‘I have of late (love to say that) taken to wearing a black t-shirt every day. It’s empowering. Of course it conveys mystery and an air of non-threatening bohemianism. Blearily pawing through my murky closet every morning for the ill-fitting nondescript equivalent of a unibrow is no help to either id or ego. Some 4500 light years from here is a vivid yellow star ensconsed in the most ridiculous lemon-like cloud of celestial stuff you will ever see. This in deep space. I won’t say deepest space. Naturally we have named this distant thing The Lemon Slice Nebula. And why not? It may be an odd-shaped thing viewed from any other vantage but ours, but like the other nutty deep space objects out there (the Clown, Parrot’s Head and Thumbprint Nebulae, The Cartwheel Galaxy, the Wild Duck Cluster) this one is facing us straight on with an impossibly earth-bound theme that must make no sense to viewers elsewhere who know neither lemon slices nor ducks. Why is the asymmetric mess that is the Horsehead Nebula shaped so like a horsehead from this particular, pitifully specific vantage? A horsehead? Really? For God’s sake, it’s maddening! The Horsehead and Lemon Slice mock our shirts and shoes! Why use such deliberation picking out one’s sorry clothes in a universe this achingly insane? Do you understand?’ He’d been gesturing with his hands, palms up. He now let them fall to his sides in a signal of what seemed mild defeat. ‘Do you? Understand?’
‘I think so.’
‘What difference can it possibly make what clothes I wear?’ His conviction was already fading. He made a move to begin moving his hands again, then visibly calmed himself. ‘I’ve elected to do what Batman and Jackson Pollock do; adopt a uniform and wear it every day. My uniform is a black t-shirt and trousers. A black t-shirt says everything and nothing. It’s a black blank slate onto which touchingly envious passerby can project their sadly constrained little dreams. You see that the black t-shirt is giving me Big Thoughts. It seemed to help Pollock.’
‘Yeah.’ I pictured an inebriated man teetering dangerously on a ladder, drizzling paint down onto a canvas.
‘But I’ve earned them, earned the Big Thoughts.’ He fixed me with that stare, angry. He was pointing at me. I said nothing. His forefinger had the same flaw as Miss Stuart’s in 5th grade. She, a possibly authentic harpy, would single out the unfortunate object of her wrath and point, often with foam on her lips. But her forefinger, viewed straight on, strayed left, owing to some deficit in the phalangeal structures. Miss Stuart would be screaming spit at you and pointing at your neighbor. I haven’t forgotten. He now took what seemed a cleansing breath. He lowered his accusing finger. He continued with a more pedagogical tone, teaching me; a man having his patience tried. ‘The black t-shirt conveys savoir faire, artistry, a hint of danger, a bit of whimsy’, he lectured. ‘I’d been moving in that direction. Boldly. It takes not a little courage to tear free from convention this way. People will wonder at and then discuss my black t-shirt and its ubiquity, or omnipresence. A black t-shirt worn for several days in a row is something co-workers and friends will turn away from with some embarrassment. They will change the subject, exchange bemused meaningful glances at one’s expense when they think you aren’t looking. Who gives a shit. Period. I am Bruce Lee, Cary Grant, and Anne Francis as Honey West. All in one. Who can stop me now? Do you remember Honey West?’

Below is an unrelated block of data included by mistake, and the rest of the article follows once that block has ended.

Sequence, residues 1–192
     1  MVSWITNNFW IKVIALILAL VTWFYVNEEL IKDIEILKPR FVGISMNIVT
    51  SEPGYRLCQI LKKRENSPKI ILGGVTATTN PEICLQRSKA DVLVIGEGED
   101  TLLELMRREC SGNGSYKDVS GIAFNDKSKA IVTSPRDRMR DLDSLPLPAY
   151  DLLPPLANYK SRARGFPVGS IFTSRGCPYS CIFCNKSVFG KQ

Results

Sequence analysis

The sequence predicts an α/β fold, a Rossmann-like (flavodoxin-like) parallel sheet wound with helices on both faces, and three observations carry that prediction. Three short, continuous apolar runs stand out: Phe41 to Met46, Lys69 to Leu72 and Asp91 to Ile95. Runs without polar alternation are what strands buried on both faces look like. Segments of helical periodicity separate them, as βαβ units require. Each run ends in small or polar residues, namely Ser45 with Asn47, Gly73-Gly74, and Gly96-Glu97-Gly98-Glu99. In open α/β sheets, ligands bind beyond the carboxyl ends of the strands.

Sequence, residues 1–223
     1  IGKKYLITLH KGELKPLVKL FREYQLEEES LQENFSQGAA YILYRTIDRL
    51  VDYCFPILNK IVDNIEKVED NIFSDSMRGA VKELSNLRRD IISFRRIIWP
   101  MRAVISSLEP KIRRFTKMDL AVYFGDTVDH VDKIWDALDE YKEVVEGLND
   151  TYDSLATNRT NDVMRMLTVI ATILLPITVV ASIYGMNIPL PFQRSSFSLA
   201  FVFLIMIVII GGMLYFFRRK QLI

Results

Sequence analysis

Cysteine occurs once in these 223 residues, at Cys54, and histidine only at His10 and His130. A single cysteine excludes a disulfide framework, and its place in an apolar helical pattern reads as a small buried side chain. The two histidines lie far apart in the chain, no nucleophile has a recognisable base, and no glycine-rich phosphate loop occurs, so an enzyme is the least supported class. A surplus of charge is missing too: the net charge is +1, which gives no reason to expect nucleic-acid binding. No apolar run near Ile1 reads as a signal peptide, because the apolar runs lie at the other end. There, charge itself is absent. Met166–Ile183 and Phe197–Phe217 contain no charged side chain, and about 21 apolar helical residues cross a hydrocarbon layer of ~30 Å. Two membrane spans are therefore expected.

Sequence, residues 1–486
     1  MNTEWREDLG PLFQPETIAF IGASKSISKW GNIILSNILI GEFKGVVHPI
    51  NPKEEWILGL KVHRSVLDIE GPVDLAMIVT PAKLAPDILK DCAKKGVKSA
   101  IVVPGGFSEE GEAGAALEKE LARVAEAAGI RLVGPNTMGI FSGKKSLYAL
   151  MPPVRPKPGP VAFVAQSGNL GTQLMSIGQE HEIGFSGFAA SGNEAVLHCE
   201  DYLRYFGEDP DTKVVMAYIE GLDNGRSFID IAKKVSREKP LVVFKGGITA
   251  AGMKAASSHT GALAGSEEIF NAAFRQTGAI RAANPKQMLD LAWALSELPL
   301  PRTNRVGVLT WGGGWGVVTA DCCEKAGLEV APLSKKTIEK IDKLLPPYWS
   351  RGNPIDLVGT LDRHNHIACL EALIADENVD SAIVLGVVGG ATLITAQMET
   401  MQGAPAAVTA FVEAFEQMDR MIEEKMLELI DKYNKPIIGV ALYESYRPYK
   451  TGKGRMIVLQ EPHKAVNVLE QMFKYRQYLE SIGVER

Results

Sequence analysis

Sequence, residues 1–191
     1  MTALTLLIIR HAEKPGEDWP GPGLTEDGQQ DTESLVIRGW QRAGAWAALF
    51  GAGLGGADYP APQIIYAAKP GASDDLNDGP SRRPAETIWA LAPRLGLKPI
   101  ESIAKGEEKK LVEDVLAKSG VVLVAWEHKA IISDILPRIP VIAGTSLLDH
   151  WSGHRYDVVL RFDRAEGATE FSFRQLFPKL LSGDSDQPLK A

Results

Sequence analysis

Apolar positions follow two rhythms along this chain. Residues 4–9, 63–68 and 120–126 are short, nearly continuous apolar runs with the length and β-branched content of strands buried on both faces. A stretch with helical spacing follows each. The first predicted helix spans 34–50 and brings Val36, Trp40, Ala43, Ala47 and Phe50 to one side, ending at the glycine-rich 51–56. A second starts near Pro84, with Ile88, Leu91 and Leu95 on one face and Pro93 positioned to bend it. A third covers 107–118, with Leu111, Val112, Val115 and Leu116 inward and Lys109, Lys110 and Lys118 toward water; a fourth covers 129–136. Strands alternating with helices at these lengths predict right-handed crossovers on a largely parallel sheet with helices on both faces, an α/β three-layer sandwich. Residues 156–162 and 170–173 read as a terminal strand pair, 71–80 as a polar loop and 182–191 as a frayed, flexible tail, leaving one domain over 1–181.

Good God. Did he say Honey West?
‘I have successfully come through the fire, I can comfortably wear a tight black t-shirt every day. I’m in. I’ve done it. I have joined the pantheon of unself-conscious black t-shirted icons. I like a tight black t-shirt. Do you remember Honey West?’
‘Yes! I just told you!’
‘What is it about a blonde in a black turtleneck?’ he mused. Then he spun inelegantly into the transition and raised his hands again. He’d practiced this, it seemed – this explication; the deconstruction of his t-shirt. He moved his hands to palm-up position. Very stagey. The heat was gone, though. This was a mild and inept choreography of despair. Real despair, mind you, but choreographed. ‘Without warning! No pumping of the brakes! No doomsaying shriek of Firestones on tar macadam _ ‘
‘doomsaying’ I thought.
‘- an unbiased and unrehearsed mirror check undoes the whole game! Advice; if you are passing an unforeseen mirror take great care not to catch an unfiltered peripheral glimpse of your Self there. You’ll see your Self as others see the damned thing. In my case you’ll see an aging spritely dentist on vacation, or the swinging treasurer of the local Rotary chapter, or the devil-may-care Lionel Train obsessive with a bald spot like a beige hurricane seen from low orbit.’
I said nothing. I was thinking of coffee cake. 20 minutes, tops.